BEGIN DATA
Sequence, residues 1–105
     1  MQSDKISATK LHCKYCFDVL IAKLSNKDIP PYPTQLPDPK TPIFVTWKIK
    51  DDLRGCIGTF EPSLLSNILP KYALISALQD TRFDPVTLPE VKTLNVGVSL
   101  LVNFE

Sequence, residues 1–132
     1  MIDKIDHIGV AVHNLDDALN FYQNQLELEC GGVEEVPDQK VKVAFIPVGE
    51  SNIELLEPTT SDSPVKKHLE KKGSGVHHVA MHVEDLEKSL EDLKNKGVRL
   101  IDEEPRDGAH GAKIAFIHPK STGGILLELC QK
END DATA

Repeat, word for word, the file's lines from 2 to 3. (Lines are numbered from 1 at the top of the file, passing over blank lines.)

     1  MQSDKISATK LHCKYCFDVL IAKLSNKDIP PYPTQLPDPK TPIFVTWKIK
    51  DDLRGCIGTF EPSLLSNILP KYALISALQD TRFDPVTLPE VKTLNVGVSL